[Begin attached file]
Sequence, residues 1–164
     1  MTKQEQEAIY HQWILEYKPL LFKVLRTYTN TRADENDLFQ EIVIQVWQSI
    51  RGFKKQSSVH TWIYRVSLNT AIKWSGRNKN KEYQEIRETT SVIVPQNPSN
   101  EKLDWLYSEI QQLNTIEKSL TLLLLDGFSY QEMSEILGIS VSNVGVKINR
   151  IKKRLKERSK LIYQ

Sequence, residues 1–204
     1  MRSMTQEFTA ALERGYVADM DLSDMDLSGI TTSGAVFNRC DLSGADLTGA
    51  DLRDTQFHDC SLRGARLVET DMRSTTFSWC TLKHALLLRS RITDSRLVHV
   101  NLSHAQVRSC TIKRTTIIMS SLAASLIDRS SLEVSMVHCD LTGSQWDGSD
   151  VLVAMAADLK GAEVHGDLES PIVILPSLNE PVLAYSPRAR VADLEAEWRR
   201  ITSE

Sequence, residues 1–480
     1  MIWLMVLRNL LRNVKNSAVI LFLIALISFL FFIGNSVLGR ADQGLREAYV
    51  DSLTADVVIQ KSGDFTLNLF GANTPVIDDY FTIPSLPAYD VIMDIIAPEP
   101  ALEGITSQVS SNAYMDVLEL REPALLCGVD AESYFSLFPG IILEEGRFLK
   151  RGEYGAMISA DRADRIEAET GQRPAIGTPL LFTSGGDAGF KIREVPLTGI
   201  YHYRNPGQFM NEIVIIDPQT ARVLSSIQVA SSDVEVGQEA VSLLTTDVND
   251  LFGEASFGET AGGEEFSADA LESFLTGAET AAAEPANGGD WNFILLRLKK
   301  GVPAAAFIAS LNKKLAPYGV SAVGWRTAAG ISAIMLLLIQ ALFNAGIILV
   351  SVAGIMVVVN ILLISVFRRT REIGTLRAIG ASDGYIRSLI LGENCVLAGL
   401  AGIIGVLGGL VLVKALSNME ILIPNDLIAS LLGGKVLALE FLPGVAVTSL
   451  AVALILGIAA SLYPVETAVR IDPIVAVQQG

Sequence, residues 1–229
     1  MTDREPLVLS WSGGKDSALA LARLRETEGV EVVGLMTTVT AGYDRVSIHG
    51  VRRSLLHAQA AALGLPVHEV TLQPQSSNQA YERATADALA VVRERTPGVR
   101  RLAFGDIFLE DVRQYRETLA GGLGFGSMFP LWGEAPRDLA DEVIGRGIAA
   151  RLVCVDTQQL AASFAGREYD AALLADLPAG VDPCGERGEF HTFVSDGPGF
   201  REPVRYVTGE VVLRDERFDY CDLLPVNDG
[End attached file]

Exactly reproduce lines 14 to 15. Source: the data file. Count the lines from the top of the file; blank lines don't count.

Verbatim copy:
    51  DSLTADVVIQ KSGDFTLNLF GANTPVIDDY FTIPSLPAYD VIMDIIAPEP
   101  ALEGITSQVS SNAYMDVLEL REPALLCGVD AESYFSLFPG IILEEGRFLK